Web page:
The third and final game of this weekend series takes place at 1:10 PM. Hisanori Takahashi takes the hill against Ricky Nolasco.

Joe Janish began MetsToday in 2005 to provide the unique perspective of a high-level player and coach -- he earned NCAA D-1 All-American honors as a catcher and coached several players who went on to play pro ball. As a result his posts often include mechanical evaluations, scout-like analysis, and opinions that go beyond the numbers. Follow Joe's baseball tips on Twitter at @onbaseball and at the On Baseball Google Plus page.
  1. MikeTomaselli June 6, 2010 at 6:19 am
    I read your blog for this kind of input, Joe. Specifically the Niese analysis; on a day I could not watch the game live but only listen online your analysis is that much better. I don't necessarily agree on Wright. I know the evidence is there, but I think his average will come back up by season's end. He has certainly cut down on the strike outs a bit, and I think he has yet to have one of his patented unconscious streaks that will raise his average several points over a week or two.
  2. micalpalyn June 6, 2010 at 2:17 pm
    I like Nieve. He has made a great addition, but very obviously he has arm issues. I WAS CERTAIN he would go on the DL, and I expect him to. Meanwhile Bobby Parnall, Dillon Gee and even Kunz are making great cases to be promoted……AND are healthy.

    Enter text right here!

  3. isuzudude June 6, 2010 at 6:19 pm
    Mic: Eddie Kunz has a 5.82 ERA and has more walks than strikeouts pitching for AA Binghamton. How in the world is he making a great case to be promoted?

    Furthermore, with Niese back from the DL, and Takahashi/Dickey still pitching well in the rotation, why would Dillon Gee be considered for promotion? And Parnell is still a one-trick pony with bad command and no secondary pitch. You're 0-for-3.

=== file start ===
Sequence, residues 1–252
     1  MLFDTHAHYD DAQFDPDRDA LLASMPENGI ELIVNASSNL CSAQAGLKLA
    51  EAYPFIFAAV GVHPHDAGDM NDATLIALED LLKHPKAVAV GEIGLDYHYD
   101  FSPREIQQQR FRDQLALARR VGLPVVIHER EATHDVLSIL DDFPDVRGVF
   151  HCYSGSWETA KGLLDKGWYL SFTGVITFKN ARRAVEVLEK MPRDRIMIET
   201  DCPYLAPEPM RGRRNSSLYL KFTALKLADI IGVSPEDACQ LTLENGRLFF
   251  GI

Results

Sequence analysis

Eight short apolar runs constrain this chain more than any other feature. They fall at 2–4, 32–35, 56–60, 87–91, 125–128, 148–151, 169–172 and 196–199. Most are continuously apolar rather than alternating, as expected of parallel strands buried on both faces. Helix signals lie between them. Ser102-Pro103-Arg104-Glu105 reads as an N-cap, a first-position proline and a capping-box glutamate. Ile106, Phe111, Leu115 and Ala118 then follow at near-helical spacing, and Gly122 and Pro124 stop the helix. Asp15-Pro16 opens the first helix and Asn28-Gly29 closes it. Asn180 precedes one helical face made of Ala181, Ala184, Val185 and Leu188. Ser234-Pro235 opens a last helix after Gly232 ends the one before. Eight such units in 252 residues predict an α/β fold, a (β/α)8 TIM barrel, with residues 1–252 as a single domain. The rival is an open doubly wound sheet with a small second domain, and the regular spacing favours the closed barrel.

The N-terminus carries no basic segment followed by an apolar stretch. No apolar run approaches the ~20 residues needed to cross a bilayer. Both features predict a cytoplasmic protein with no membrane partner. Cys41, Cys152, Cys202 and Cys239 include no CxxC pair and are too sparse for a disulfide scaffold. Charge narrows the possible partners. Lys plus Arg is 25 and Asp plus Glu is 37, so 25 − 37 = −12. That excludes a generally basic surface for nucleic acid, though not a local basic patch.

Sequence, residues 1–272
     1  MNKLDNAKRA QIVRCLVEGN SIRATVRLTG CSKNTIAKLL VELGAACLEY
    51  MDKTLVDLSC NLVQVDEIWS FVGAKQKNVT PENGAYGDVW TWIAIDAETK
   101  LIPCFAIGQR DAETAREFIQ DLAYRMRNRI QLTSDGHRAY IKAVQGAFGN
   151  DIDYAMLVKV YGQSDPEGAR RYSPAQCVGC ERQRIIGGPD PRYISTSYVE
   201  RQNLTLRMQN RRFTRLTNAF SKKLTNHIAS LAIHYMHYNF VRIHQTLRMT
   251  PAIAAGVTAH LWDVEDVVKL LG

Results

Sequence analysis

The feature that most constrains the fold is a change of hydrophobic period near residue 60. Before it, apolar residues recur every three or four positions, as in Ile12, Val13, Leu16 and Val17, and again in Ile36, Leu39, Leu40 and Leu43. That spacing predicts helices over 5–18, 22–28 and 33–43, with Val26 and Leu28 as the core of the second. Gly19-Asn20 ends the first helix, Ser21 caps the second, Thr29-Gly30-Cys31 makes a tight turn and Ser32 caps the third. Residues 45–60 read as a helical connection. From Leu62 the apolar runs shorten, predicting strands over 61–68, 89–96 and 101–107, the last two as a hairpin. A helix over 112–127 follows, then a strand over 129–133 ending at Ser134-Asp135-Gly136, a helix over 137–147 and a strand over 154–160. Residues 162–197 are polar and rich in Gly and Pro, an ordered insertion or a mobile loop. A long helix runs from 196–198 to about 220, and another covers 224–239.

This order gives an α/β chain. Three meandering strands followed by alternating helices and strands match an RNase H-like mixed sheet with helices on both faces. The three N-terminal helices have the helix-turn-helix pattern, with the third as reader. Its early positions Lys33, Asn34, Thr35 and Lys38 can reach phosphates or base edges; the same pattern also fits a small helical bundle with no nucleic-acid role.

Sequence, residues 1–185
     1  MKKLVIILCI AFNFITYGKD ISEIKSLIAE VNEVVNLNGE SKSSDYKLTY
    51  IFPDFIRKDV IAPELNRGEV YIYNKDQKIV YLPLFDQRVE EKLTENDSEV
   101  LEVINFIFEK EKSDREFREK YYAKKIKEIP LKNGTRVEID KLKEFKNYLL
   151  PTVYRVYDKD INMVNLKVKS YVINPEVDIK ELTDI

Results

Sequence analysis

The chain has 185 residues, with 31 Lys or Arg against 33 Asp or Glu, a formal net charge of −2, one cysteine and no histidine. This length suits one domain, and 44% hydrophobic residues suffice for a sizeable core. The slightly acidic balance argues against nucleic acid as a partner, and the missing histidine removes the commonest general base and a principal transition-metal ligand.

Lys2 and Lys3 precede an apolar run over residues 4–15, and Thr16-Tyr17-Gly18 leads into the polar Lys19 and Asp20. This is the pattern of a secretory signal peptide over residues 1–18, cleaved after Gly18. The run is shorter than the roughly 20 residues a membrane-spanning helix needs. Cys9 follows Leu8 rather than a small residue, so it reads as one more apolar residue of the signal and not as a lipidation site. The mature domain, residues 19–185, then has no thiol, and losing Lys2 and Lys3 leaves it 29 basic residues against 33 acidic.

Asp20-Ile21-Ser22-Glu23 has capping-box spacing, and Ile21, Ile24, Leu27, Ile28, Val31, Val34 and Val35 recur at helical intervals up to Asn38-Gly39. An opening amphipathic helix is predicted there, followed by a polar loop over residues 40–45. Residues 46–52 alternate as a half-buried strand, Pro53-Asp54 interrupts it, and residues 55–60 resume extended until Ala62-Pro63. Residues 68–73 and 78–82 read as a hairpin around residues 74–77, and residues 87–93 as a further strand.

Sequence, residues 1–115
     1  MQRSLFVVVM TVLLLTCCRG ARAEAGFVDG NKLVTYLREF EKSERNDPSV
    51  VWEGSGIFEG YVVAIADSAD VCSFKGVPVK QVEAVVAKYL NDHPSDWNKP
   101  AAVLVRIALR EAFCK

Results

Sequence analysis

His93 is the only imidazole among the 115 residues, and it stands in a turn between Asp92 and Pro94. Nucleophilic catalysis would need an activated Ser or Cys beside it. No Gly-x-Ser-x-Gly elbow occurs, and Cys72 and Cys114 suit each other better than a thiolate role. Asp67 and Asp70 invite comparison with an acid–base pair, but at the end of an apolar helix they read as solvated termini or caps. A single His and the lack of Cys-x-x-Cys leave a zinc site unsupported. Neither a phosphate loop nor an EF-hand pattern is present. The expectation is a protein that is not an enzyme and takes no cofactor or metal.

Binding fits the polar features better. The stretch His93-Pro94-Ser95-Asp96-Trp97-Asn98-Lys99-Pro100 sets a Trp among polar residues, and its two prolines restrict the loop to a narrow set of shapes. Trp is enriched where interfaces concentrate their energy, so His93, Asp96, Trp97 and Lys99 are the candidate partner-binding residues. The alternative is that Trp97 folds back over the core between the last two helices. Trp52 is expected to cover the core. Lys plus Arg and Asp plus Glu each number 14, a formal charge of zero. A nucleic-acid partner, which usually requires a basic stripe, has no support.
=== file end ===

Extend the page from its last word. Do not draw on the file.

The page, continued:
4. MikeTomaselli June 6, 2010 at 6:35 pm
    Recently Kunz had a good start… that's about all you can say about him. Since then he has been bad again. Many things could have contributed to his good performance, but he has to prove it for much longer to ever be considered for the ML roster again. I think the plan is to use him as a starter until he gets something together. If he does then they will move him back into the bullpen. They think he needs more innings thus the starting.

    Gee is an unspectacular pitcher that needs work. His stuff is not that good and he needs command to be successful. He will need to learn to be savvy and sly to get hitters out and either guys like him figure it out or fade away. I'd bet on fade away, but you never know.

    Parnell is a guy I'm positive about. He is working exclusively as a relief pitcher now, he is still throwing very hard, and success seems around the corner. He has had several good outings recently but also has had some stinkers more recently. Point is he is still young enough and talented enough to put it together. September call up is his likely path back to the Mets and maybe a place in the bullpen next year. I really applaud the Mets for putting him in AAA and letting him develop his secondary pitches. His name is not mentioned daily anywhere I know of and so the pressure to perform is not there. Just let him get his secondary stuff developed and then talk about bringing him up again.

  5. isuzudude June 6, 2010 at 8:03 pm
    Actually, Kunz is back in the bullpen for Binghamton now after starting the season as a starter. Either way, his numbers this year are ugly, and I wouldn't doubt that he'll no longer be with the organization by season's end.

    Everything else you write I generally agree with.

  6. Matt Himelfarb June 8, 2010 at 3:13 pm
    Joe, I'm not sure if I'm correct, but I've read elsewhere that it is actually beneficial to a pitcher's shoulder and elbow to have their fingers either on the side of the ball (showing it to third base) or under the ball, and that over-thetop with the fingers actually causes injury.